First Nations have won access to the private archives of the Sisters of St. Ann, an order of Catholic nuns that ran four residential schools, including the Kamloops Indian Residential School.
The Royal B.C. Museum said Wednesday it had signed a memorandum of agreement with the Sisters of St. Ann to provide access to the order’s archives to the museum and to the Indian Residential School History and Dialogue Centre at UBC.
The Sisters of St. Ann archives are located on the grounds of the Royal B.C. Museum. Their records have not been made available to the public. The archives are locked and have their own self-contained office space. They are preserved and managed by the religious order.
This month, following the discovery of 215 unmarked graves at the Kamloops Indian Residential School, B.C.’s First Nations Leadership Council wrote to Premier John Horgan demanding access to the archives. It’s believed the historical records could help to identify the children and locate the remains of other Indigenous children who never returned home.
The Royal B.C. Museum agreed and urged the Sisters of St. Ann to relinquish the records.
“The Sisters of St. Ann have a responsibility to be completely transparent about their archival records related to residential schools,” the museum said in a June 4 statement. “This level of transparency can only help the overall goal of truth-telling and reconciliation.”
The Truth and Reconciliation Commission has identified, or has information about, more than 4,100 children who died of disease or accident while attending a residential school.
The Sisters of St. Ann were also involved with the Kuper Island Indian Residential School near Chemainus where 121 children died, St. Mary’s Indian Residential School in Mission and Lower Power Indian Residential School, just south of the B.C.-Yukon border.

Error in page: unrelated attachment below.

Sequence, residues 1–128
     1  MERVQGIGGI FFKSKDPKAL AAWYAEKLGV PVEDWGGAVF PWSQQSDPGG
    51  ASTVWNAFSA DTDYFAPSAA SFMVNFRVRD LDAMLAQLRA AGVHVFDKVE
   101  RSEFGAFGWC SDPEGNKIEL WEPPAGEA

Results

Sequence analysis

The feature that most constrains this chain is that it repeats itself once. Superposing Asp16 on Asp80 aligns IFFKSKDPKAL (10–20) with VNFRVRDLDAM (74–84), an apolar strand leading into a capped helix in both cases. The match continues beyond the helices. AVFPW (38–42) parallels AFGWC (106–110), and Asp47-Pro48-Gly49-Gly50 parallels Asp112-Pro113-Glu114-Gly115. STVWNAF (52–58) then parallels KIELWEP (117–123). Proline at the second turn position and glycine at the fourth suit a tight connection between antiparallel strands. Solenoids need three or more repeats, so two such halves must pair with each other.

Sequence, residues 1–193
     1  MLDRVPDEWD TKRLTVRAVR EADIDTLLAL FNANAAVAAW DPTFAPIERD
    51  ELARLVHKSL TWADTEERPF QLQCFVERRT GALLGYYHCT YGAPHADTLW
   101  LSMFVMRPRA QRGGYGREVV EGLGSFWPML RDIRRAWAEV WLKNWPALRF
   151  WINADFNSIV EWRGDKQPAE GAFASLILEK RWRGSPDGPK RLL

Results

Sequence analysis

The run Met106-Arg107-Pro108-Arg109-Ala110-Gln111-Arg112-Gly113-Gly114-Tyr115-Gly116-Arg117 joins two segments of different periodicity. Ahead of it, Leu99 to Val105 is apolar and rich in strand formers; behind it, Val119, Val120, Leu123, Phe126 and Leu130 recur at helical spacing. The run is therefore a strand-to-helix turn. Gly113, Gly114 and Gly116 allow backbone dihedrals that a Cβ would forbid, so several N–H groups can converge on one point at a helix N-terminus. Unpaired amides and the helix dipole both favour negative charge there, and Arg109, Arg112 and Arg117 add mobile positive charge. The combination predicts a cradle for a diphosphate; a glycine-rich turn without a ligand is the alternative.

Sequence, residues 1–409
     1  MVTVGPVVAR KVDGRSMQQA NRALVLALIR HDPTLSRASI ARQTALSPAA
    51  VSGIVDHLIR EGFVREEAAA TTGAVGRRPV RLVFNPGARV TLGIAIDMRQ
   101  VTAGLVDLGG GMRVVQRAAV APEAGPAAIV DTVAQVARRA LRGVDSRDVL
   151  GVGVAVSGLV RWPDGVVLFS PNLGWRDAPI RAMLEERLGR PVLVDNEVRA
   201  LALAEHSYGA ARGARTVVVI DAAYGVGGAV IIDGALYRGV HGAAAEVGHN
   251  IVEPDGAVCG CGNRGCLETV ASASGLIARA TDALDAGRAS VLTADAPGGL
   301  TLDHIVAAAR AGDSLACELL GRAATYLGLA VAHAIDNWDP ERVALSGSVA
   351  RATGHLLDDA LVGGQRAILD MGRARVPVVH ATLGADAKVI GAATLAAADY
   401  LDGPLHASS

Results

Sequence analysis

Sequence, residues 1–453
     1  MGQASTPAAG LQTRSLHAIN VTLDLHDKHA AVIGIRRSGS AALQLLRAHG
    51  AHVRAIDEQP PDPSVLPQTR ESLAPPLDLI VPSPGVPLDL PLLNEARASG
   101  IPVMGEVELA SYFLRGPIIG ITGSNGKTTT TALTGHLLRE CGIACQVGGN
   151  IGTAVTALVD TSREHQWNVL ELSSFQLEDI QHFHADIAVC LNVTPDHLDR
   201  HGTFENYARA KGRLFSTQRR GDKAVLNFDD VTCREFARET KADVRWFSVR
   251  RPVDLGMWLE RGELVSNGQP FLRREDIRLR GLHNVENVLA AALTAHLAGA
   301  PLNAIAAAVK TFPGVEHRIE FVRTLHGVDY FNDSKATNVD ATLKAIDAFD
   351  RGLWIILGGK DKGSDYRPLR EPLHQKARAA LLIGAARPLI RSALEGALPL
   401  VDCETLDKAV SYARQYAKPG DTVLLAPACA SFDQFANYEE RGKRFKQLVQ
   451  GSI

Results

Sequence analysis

The memorandum of understanding says the Tk’emlúps te Secwe̓pemc, previously known as the Kamloops Indian Band, will also have access to the documents.
Terry Teegee, B.C. regional chief of the Assembly of First Nations, said the agreement is a “good development” for First Nations communities searching for information about former students and loved ones.
“In terms of truth and reconciliation, we’re still in this truth period, especially with the many First Nations students who are still unaccounted for,” said Teegee, who is also a member of the First Nations Leadership Council.
The agreement does not outline what the records may hold, but Teegee said it’s important that whatever exists be released quickly and without bureaucratic barriers to communities seeking answers.
“What we’re looking for is full transparency and making sure the information that is in the archives can be easily accessed,” Teegee said.
Expediting access to the order’s records for Indigenous communities is a positive step on the path of truth-finding and reconciliation, Daniel Muzyka, the museum’s board chair and acting CEO, said Wednesday.
Sister Marie Zarowny, president and board chair of the Sisters of St. Ann, said the order is committed to collaborating in finding the truth and will assist in the process in whatever way it can. “It is of the utmost importance to us to contribute, in any way possible, to transparency and accessibility, and participate in activities that can lead to healing and reconciliation,” she said.
Staff at the B.C. Archives will work with the Indian Residential School History and Dialogue Centre as a “neutral third party” and will begin auditing the Sisters of St. Ann records soon after July 1, when the agreement takes effect. The agreement will remain in effect until the order’s archives are transferred to the B.C. Archives.
The agreement includes plans to complete the transfer of records held by the Sisters of St. Ann to the B.C. Archives in 2025.